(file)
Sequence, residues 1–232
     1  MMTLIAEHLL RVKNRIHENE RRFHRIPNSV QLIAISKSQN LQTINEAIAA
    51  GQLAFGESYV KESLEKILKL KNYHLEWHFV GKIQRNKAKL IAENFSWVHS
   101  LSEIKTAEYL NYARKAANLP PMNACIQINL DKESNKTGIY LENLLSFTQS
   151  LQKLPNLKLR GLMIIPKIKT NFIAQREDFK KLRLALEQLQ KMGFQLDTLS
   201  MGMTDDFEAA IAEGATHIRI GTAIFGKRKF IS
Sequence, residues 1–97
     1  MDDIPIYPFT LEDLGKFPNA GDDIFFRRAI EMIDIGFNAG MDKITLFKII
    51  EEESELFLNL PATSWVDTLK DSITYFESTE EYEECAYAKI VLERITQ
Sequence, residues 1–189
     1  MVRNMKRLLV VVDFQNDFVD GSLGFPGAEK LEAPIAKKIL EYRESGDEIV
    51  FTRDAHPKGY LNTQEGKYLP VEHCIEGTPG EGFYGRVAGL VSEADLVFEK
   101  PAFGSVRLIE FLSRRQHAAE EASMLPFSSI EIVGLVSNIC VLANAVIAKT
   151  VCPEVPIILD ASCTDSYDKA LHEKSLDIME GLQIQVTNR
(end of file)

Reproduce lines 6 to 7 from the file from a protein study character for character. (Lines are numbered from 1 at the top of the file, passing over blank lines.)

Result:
   201  MGMTDDFEAA IAEGATHIRI GTAIFGKRKF IS
Sequence, residues 1–97